Aleks Paunovic Talks Van Helsing, Supernatural, and More [Exclusive]
If you’ve spent any amount of time watching genre TV, Aleks Paunovic is a familiar face. In the last few years alone, he’s banked appearances on The CW’s The 100, iZombie, and Supernatural and recurred on Syfy’s Canadian import, Continuum. Now you can catch him on Syfy’s Van Helsing, where he plays Julius, who leads one of the vampire factions. I caught up with Paunovic this week to chat about the show, its early renewal, his threepeat on Supernatural, and more.
Paunovic had a pre-existing friendship with Simon Barry and that helped set the stage for his involvement in Van Helsing. He was thrilled to read for him and Neil LaBute, and then to get the part and tackle the role. “It was a huge thing for me, regardless [of whether I was cast],” he says. “It was pleasure to read for them. Getting the gig…I was over the moon.”
We saw the initial rising of Julius earlier this season, and Paunovic says while we won’t see much more of that history in Season 1, he expects it will factor into the second season. “I thought the character introduction was such an interesting thing because you get to see how vulnerable and weak Julius is and then it moves right into the rising and he basically starts the rising. It’s such a vulnerable start [vs.] how he’s seen in the rest of the show. I feel like Julius wants to lead; he’s very much a rogue. His thirst for blood is just as powerful as his thirst for power,” he explains.
“He wants to lead through fear. He feels like, ‘If I have Vanessa, I will lead.’ Dmitri is extremely powerful and he’s been leading the whole time, and Julius feels like it’s his turn, and he wantsÂ to do it his way. I think you’re going to see [in the second season] how it unfolds for him and his back story and why he is the way he is.”
“Even though he’s as vicious as he is, it comes from a place where he’s experienced something while he was human that he needs to be this strong and powerful to protect himself. It’s based on some sort of fear and I’m hoping we get to see why he needs to be who he is and wanting to keep that strength.”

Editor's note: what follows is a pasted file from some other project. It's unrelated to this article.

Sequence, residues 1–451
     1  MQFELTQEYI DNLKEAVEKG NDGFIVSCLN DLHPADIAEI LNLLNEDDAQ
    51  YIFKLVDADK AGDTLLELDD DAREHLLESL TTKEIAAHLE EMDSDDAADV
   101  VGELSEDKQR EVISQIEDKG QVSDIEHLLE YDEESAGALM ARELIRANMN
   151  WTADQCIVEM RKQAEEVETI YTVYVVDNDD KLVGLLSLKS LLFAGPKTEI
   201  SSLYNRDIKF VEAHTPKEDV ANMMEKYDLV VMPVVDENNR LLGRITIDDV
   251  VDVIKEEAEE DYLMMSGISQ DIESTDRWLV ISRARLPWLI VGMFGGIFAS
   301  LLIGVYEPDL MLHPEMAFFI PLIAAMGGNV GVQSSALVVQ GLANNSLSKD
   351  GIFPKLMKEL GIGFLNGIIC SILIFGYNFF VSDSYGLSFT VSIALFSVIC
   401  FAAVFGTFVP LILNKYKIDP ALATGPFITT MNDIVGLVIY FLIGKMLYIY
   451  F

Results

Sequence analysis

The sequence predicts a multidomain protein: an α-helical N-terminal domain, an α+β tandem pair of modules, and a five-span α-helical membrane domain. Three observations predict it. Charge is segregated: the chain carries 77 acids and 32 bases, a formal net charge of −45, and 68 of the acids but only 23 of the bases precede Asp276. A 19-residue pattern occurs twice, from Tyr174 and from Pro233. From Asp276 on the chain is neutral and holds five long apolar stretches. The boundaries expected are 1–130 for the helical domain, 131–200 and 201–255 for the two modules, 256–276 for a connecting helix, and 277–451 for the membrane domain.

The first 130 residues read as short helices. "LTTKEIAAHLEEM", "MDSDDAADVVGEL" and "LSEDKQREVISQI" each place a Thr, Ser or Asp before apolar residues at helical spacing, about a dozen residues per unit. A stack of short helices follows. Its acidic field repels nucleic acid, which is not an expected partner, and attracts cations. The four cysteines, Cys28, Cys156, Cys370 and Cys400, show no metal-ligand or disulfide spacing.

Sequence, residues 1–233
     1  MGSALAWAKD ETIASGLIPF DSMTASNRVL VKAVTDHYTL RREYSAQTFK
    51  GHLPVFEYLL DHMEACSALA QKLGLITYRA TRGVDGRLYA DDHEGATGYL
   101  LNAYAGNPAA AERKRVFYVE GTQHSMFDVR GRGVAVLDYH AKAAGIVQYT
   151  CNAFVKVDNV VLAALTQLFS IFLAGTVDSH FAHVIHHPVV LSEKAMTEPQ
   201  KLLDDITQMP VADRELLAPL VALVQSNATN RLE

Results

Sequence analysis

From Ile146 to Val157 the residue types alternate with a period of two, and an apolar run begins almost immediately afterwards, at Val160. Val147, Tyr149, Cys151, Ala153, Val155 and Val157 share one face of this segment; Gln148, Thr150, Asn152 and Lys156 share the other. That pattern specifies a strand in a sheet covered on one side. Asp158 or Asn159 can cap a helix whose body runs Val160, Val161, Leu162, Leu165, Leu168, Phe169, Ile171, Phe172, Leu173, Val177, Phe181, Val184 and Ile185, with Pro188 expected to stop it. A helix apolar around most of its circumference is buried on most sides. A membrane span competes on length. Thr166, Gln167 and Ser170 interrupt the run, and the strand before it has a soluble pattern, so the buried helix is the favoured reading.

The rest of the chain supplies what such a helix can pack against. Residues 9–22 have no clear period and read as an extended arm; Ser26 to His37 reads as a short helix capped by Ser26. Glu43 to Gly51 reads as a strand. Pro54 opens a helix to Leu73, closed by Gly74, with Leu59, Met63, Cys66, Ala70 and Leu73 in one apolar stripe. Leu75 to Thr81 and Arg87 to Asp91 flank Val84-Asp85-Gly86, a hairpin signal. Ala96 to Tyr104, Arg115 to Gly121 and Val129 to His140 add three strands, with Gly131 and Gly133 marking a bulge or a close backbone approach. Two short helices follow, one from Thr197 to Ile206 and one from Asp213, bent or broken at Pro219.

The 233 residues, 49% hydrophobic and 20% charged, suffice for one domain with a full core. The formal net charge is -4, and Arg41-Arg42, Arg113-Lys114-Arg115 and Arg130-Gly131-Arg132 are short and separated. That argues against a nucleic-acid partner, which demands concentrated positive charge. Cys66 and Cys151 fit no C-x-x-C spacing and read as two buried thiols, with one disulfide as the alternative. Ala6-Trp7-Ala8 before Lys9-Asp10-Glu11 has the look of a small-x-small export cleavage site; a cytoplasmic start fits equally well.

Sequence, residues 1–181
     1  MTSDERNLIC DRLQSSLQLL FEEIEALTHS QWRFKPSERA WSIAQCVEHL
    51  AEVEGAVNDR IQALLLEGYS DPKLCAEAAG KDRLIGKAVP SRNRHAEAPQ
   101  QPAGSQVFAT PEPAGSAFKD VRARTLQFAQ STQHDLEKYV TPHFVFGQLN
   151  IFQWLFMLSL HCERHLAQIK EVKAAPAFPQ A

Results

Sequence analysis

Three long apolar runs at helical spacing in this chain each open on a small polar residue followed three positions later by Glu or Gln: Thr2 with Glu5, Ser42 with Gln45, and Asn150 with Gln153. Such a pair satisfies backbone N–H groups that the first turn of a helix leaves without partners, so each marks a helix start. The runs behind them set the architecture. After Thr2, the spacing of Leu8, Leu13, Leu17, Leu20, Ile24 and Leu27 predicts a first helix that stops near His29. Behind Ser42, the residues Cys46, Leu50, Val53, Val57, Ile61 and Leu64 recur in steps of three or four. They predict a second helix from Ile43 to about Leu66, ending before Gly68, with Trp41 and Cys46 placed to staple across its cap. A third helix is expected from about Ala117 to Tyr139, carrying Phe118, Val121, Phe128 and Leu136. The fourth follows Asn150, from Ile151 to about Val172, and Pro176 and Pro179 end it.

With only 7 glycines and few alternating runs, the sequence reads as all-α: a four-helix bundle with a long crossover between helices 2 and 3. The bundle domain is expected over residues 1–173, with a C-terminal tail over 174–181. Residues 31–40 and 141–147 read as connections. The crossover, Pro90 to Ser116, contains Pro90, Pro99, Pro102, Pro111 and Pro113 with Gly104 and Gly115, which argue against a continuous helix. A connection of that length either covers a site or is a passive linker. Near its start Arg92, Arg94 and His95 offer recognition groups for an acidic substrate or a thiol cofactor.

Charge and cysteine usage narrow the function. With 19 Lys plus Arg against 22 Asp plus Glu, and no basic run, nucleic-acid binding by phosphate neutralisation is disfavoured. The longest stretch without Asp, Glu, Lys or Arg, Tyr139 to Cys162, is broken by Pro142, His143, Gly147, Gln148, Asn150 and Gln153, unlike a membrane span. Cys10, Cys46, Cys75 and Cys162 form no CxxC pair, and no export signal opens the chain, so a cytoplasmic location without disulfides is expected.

Paunovic isÂ thrilled with the renewal, and loved shooting the first season in downtown VancouverÂ this pastÂ summer. “It’s so exciting. It’s been such a blast. I’m so happy I get to play with these guys again for another season,” he shares. “Because we were shooting in the summer, the best thing in the world [was that]Â I could ride my bike [to and from work] and just really take in the day. It was absolutely amazing. I was so blessed I got to experience that.”
Paunovic gets recognized for a variety of roles, but one of his funniest moments was an encounter at the Mayweather-Pacquia bout in Las Vegas when he wasn’t sure what was up when a guy started staring at him before the fight. “I’m standing there. I just bought a beverage. I see this guy just eyeballing me [and I’m wondering if]Â he wants to fight me,” he laughs.
“He was just looking at me kind of aggresively. He starts walking over, and I put down my beer [expecting a fight], and he says ‘I love you on f-cking iZombie,’ and he walked away. I died laughing. I didn’t think I’d even be recognized for that. I thought I was going to get in a fight and he was all [about] the love.”
Earlier this year, Paunovic guested on Supernatural, his third time out, and third role, so he has a unique perspective on the stages of the show’s success and growth, and nothing but praise for Jensen Ackles and Jared Padalecki and the family they’ve created.
“I was in Season 2Â in a smaller teaser part and came back in Season 6 [in] a bigger part and then Season 11 and I was a big guest star, and that felt like the best progression. [Jensen and Jared and I] immediately hit it off. There’s only one reason a show [goes for] 12 years. They’re theÂ best hosts you could ever get for a show,” he says.